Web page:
Ozone Monitoring

 

 

 

All of the PRIMENet sites currently monitor ground-level ozone.

Ozone Monitor and Meteorological Station Site Information.  

Data available at http://www2.nature.nps.gov/ard/gas.

Site

Site ID

Latitude (N)

Longitude (W)

Elevation (m)

Ozone

Met. Station

Acadia

ACAD

44.37

68.26

122

10/82-present

06/91-present

Big Bend

BIBE

29.31

103.18

1052

09/90-present

09/90-present

Canyonlands

CANY

38.45

109.82

1814

07/92-present

07/92-present

Denali

DENA

63.73

148.96

661

07/87-present

07/87-present

Everglades

EVER

25.39

80.68

2

05/86-present

01/89-present

Glacier

GLAC

48.51

113.10

967

01/89-present

01/95-present

Great Smoky Mtns.

GRSM

35.63

83.94

793

07/88-present

07/88-present

Hawaii Volcanoes

HAVO

19.43

155.26

1215

installed 11/99

11/86 - present

Olympic

OLYM

48.10

123.43

125

08/85-present

05/91-present

Rocky Mountain

ROMO

40.28

105.55

2743

07/87-present

12/94-present

Sequoia/Kings Canyon

SEKI

36.57

118.78

1902

06/84-present

09/88-present

Shenandoah

SHEN

38.52

78.44

1073

05/83-present

01/88-present

Theodore Roosevelt

THRO

49.60

108.27

700

11/82-present

09/98-present

Virgin Islands

VIIS

18.34

64.80

80

04/98-present

05/98-present

    *Virgin Islands NP was not presented in Figure 3 because it was not in operation in 1997.

    *Only sites with continuous data for 1997, Big Bend, Canyonlands, Glacier, Rocky Mountain, Sequoia/Kings Canyon, and Shenandoah NPs were included in Figures 5 and 6.

    *Theodore Roosevelt and Virgin Islands NPs were not included in Table 1 because they were not in operation in 1997.

 

 

         Two summation methods have been used to describe how cumulative ozone exposure relates to effects on vegetation during the growing-season, May through September. The SUM60 statistic is a sum of all hourly ozone concentrations equal to or exceeding 60 parts per billion (ppb). A second method called W126 is a sum of all hourly ozone concentrations where the concentration is weighted by a function that gives a greater emphasis to concentrations above 60 ppb.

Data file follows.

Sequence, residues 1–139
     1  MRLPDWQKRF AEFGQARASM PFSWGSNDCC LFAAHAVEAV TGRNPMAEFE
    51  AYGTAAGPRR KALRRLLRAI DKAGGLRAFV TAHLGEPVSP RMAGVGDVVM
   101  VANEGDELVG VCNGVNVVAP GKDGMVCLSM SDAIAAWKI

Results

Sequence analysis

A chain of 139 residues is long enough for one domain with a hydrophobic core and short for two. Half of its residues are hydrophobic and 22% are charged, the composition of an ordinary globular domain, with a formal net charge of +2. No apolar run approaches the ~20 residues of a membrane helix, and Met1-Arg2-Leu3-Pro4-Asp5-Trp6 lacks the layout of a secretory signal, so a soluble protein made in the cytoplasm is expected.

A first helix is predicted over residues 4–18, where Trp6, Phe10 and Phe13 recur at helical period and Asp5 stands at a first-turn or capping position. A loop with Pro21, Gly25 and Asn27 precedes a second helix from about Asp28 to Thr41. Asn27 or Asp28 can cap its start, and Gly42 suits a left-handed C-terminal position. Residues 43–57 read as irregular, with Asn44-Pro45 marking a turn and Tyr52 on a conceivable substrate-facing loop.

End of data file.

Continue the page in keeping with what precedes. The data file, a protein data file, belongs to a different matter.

The following graphs shows the SUM60 and W126 statistics for each of the PRIMENet sites during the 1997 growing-season. Only one year of data is presented because the operation dates of each monitor were highly variable and these indices are difficult to average in a meaningful way. The disadvantage of presenting one year of data is that inter-annual variation is ignored. However, these spatial patterns tend to remain consistent from year to year.

        Ozone injury to sensitive vegetation can occur above 25 ppm-hr for a three-month average of SUM60 and has been documented in Sequoia/Kings Canyon, Great Smoky Mountains, and Shenandoah NPS. These parks are likely to exceed the new 8-hour National Ambient Air Quality Standard (NAAQS) which is subject to court remand. The standard is based on human health effects and is set at 80 ppb ozone averaged over three years. Parks with large elevation gradients are particularly susceptible to ozone exposure. High elevation sites report 2-3 times more ozone than low elevations. This is illustrated by the two sites in Great Smoky Mountains NP, where the difference between Cades Cove (CC) at 564 m and Cove Mountain (CM) at 1243 m is a SUM60 factor of four. Ozone exposure at Olympic, Glacier, Denali, and Everglades NPs was very low in 1997.

 

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